Lymphogranulomatosis is a systemic disease that may present a great variety of early clinical signs and symptoms. This is particularly true in regard to the skin manifestations associated with it. A thorough study and a correct interpretation of these cutaneous symptoms may give the first clue as to the existence of the disease. In some patients, an eruption on the skin may precede the generalized adenopathy by a period of many months or years. There are other patients whose cases the internist, the dermatologist and the pathologist are unable to classify definitely before necropsy. In this paper, I shall present the report of a few of these cases, with dermatologic aspects of particular interest.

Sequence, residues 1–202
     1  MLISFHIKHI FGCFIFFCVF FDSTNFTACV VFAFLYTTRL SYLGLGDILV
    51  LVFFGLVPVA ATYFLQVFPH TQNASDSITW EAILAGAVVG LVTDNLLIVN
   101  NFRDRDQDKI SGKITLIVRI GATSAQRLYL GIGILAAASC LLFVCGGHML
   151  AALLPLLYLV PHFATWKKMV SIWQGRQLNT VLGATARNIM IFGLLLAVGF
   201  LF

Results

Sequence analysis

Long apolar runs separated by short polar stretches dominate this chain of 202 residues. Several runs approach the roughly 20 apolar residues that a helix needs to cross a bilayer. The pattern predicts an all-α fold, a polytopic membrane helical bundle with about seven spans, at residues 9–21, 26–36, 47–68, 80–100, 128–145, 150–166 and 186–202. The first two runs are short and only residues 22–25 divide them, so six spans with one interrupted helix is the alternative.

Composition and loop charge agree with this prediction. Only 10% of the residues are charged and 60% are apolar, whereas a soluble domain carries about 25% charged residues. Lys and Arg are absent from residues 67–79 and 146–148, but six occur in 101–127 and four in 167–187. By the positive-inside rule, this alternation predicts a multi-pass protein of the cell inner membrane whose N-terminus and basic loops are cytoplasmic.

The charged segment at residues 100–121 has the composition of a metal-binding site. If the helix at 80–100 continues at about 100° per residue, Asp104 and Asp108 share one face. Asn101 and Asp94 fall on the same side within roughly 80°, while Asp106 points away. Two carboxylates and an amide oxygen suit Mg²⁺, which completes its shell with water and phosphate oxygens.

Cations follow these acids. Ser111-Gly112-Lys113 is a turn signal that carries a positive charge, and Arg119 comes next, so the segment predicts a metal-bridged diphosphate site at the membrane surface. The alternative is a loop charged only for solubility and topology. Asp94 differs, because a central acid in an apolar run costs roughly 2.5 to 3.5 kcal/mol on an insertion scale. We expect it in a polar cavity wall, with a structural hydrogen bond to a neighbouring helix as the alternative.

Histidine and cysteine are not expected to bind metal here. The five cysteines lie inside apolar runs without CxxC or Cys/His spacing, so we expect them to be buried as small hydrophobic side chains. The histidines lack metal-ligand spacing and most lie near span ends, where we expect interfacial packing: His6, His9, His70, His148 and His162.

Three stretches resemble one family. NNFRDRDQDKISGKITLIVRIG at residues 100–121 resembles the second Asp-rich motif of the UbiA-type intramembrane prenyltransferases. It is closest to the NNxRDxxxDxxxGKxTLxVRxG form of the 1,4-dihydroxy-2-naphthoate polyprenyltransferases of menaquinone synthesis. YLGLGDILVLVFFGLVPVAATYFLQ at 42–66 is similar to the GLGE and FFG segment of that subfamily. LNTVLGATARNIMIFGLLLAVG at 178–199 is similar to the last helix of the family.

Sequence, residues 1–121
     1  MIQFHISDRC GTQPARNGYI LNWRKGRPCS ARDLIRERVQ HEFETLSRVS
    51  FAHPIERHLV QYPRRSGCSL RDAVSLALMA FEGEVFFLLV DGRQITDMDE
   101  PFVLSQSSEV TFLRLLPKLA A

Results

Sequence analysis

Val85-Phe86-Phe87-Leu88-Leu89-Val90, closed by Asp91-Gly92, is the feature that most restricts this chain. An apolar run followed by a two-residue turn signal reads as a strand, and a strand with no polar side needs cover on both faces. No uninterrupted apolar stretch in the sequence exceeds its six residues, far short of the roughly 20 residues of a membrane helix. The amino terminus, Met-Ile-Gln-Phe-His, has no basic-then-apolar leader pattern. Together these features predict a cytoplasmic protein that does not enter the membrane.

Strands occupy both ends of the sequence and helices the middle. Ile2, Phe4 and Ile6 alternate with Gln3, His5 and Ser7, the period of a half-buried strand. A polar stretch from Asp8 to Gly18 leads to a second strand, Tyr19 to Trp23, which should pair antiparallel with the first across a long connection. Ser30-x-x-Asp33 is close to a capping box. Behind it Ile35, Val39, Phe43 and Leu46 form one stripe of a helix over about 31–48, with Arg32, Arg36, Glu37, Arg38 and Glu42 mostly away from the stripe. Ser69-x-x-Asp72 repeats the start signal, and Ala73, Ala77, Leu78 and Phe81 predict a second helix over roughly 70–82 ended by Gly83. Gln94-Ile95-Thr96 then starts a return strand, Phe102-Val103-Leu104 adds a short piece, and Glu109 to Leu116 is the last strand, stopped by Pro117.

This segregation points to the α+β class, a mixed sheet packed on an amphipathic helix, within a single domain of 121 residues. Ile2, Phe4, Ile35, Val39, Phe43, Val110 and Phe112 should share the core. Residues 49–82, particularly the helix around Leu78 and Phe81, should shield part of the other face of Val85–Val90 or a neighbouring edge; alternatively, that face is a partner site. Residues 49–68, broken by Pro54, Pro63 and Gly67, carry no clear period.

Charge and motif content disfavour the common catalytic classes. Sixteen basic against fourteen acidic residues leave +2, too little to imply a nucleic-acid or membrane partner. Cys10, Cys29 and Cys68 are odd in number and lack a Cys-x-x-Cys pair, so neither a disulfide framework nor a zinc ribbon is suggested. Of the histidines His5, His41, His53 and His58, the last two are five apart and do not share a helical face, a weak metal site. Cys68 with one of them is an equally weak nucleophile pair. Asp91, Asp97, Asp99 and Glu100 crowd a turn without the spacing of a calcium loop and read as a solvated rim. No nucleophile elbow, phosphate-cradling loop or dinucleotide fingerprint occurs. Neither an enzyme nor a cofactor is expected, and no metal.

In 1832, Hodgkin1 described seven patients who had, in common, an enlargement of the lymph nodes of the body. In the years that followed, Virchow,2 Cohnheim,3 Kundrat,4 Sternberg5 and Reed,6
MILLER HE. LYMPHOGRANULOMATOSIS CUTISHODGKIN'S DISEASE. Arch Derm Syphilol. 1928;17(2):156–181. doi:10.1001/archderm.1928.02380080006002
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